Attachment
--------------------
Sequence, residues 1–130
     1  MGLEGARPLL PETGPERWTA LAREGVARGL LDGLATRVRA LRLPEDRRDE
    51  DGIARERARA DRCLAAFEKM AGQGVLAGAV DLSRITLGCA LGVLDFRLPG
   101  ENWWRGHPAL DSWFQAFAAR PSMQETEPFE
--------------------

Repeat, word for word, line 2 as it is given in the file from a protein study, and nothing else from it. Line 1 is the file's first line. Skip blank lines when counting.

     1  MGLEGARPLL PETGPERWTA LAREGVARGL LDGLATRVRA LRLPEDRRDE